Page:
Rebuilding effort

In terms of getting set up again "The main problem was the shortage of gasoline, plus the damage to the highway and the lack of electricity, especially during the evenings, which meant it was very dangerous to use the highways" and difficult to get new equipment and supplies. "Fortunately the electricity supply came back in four days, which was much faster compared to many other areas, although the network in the brewery was damaged so we needed to repair this carefully first" causing further delays.

The brewery was dirty from the tsunami water. "There was no water supply for about two weeks, so we couldn't clean up". [Once we had a water supply] "we had enough to start cleaning, but making sake uses a lot of water, so we didn't have enough to start making sake again."

Despite being in the peak of Ginjo, premium sake-making season, production had to be suspended, only resuming in September, the next brewing season, once extensive repairs had been done to the building, and equipment replaced.

Urakasumi was lucky to have a second brewery on a site not affected by the tsunami. Although it still suffered some damage from the earthquake and aftershocks which forced them to suspend production too, sake brewing resuming only in mid-April.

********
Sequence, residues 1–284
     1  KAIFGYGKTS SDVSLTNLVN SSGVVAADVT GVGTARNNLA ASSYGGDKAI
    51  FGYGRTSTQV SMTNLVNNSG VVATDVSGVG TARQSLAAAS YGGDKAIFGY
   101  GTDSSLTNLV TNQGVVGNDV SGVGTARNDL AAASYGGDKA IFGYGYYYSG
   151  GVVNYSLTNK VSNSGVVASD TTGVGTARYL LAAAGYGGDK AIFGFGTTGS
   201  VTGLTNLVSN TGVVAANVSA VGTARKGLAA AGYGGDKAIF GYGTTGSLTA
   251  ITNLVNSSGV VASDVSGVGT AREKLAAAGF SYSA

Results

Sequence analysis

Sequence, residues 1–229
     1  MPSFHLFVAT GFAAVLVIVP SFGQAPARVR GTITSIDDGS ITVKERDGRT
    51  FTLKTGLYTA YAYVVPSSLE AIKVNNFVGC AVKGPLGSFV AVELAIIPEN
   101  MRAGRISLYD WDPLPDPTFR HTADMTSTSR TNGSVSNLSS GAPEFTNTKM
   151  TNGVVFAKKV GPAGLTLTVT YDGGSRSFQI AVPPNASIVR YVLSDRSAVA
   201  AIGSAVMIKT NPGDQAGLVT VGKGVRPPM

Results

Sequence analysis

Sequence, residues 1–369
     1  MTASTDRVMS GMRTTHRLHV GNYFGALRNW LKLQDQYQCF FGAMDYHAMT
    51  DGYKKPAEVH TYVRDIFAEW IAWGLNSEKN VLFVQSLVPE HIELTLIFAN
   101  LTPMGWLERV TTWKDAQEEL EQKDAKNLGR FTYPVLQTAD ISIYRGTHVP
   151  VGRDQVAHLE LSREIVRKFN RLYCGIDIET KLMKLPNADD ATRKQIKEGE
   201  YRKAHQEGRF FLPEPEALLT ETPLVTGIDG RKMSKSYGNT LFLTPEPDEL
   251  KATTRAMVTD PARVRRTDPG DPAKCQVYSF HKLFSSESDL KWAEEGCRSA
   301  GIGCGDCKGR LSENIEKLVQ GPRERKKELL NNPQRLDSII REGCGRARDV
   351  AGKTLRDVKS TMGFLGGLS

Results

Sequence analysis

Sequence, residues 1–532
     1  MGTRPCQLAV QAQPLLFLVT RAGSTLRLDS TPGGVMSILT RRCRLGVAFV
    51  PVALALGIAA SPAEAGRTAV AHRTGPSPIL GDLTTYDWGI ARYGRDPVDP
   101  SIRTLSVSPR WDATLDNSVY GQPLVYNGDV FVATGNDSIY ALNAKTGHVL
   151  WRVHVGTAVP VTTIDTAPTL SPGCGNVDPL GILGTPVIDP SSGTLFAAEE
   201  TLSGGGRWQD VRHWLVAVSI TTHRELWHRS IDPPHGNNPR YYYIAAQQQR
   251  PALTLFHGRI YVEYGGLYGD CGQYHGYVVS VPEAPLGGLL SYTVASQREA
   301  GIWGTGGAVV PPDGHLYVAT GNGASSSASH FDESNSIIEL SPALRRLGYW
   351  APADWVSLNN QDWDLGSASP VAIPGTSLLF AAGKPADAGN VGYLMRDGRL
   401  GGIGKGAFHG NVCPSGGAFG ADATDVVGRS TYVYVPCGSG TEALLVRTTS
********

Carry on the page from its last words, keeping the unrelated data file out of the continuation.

However, production wasn't the only problem. One of the most important times for drinking sake in Japan is the end of March to early April, when people across Japan celebrate the start of spring by drinking with family, friends and colleagues under the cherry blossoms. Understandably, a sombre mood instead prevailed and "people avoided drinking and enjoying sake because of the earthquake", it felt inappropriate to celebrate when so many people had lost so much. However, "this situation damaged the Japanese economy", in affect creating a second blow to the economy making the situation even worse.


Sake appeal after the tsunami